St Helena Online

White Paper

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UK group backs campaign to end secrecy in The Castle

St Helena Freedom of Information: screen grab of Facebook page
Support the St Helena Freedom of Information campaign by clicking ‘Like’ on its Facebook page (see Links, below)

A call for more open government on St Helena has been backed by a leading group in the UK.

In a message of support, Katherine Gundersen of the London-based Campaign for Freedom of Information says open, honest debate leads to better decision-making.

It could also help to reduce public distrust of government.

Graphic showing rubber stamps saying "restricted" etc, crossed out
The logo of the Campaign for Freedom of Information

An increasing number of documents are now published on the St Helena Government website, though one executive councillor has told St Helena Online that some departments are less open than others.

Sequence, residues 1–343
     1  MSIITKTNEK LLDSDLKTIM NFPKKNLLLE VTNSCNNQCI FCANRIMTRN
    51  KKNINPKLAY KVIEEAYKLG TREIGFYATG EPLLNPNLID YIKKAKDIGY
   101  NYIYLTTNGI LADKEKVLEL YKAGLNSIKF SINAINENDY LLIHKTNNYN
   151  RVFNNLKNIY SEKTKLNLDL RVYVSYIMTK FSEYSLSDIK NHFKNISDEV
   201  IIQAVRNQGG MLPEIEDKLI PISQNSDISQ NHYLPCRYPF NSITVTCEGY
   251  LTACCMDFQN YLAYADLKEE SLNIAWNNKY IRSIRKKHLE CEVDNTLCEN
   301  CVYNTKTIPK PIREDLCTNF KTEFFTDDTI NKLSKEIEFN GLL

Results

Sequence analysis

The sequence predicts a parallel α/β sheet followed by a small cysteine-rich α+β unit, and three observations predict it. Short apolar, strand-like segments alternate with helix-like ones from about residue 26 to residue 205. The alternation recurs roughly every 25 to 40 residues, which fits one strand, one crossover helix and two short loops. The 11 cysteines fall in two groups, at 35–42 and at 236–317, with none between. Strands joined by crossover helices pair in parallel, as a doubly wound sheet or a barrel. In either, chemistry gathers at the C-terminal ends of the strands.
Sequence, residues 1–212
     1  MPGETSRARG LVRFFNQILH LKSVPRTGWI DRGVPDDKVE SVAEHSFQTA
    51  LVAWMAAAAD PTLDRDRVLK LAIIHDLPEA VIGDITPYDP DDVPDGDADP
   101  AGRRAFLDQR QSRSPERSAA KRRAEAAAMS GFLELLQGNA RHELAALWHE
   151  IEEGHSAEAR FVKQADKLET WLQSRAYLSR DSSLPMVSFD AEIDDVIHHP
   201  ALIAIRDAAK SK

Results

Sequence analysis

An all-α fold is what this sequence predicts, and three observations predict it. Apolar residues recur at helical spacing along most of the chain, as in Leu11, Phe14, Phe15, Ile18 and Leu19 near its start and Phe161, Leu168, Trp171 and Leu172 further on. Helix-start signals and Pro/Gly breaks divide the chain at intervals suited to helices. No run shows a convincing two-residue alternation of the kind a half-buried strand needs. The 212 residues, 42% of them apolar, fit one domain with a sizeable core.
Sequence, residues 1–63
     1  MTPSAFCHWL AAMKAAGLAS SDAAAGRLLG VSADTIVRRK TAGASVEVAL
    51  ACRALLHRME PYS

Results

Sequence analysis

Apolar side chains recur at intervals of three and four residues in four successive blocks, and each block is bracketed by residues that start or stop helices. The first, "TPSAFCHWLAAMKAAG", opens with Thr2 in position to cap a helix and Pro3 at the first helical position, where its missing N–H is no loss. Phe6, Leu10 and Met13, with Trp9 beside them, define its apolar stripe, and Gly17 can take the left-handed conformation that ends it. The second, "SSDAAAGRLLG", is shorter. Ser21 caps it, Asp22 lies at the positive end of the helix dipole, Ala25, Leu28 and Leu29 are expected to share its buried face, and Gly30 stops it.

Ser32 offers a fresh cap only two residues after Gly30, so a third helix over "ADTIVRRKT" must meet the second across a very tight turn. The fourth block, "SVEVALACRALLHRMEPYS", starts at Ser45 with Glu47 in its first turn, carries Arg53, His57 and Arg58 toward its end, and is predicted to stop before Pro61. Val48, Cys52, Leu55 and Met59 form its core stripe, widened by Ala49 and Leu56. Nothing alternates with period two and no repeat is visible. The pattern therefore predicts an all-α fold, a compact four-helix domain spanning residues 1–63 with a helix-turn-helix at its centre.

But the St Helena Freedom of Information campaign argues that there is a vital gap in the information made available to islanders – and British taxpayers, who provide the bulk of St Helena Government funding.

It says papers going before the island’s executive council should be made public in advance of meetings. In England, that’s required by law. It also wants minutes of meetings made public – not just reports by Governor Mark Capes.

If agendas and reports are published in good time, individuals can scrutinise the information being presented by officials, and make sure that councillors are aware of public opinion before meetings take place.

It also means Saints overseas can keep track of what is happening at home. And it would remove a barrier to reporting by journalists and internet bloggers, which is acknowledged in the recent White Paper on overseas territories as a vital part of maintaining democracy.

The Campaign for Freedom of Information says: “We support efforts to improve public rights to information in St Helena.

“Freedom of information has many important benefits. It strengthens individuals in their dealings with the state. It increases the opportunity to participate in decision-making and enables more informed public discussion.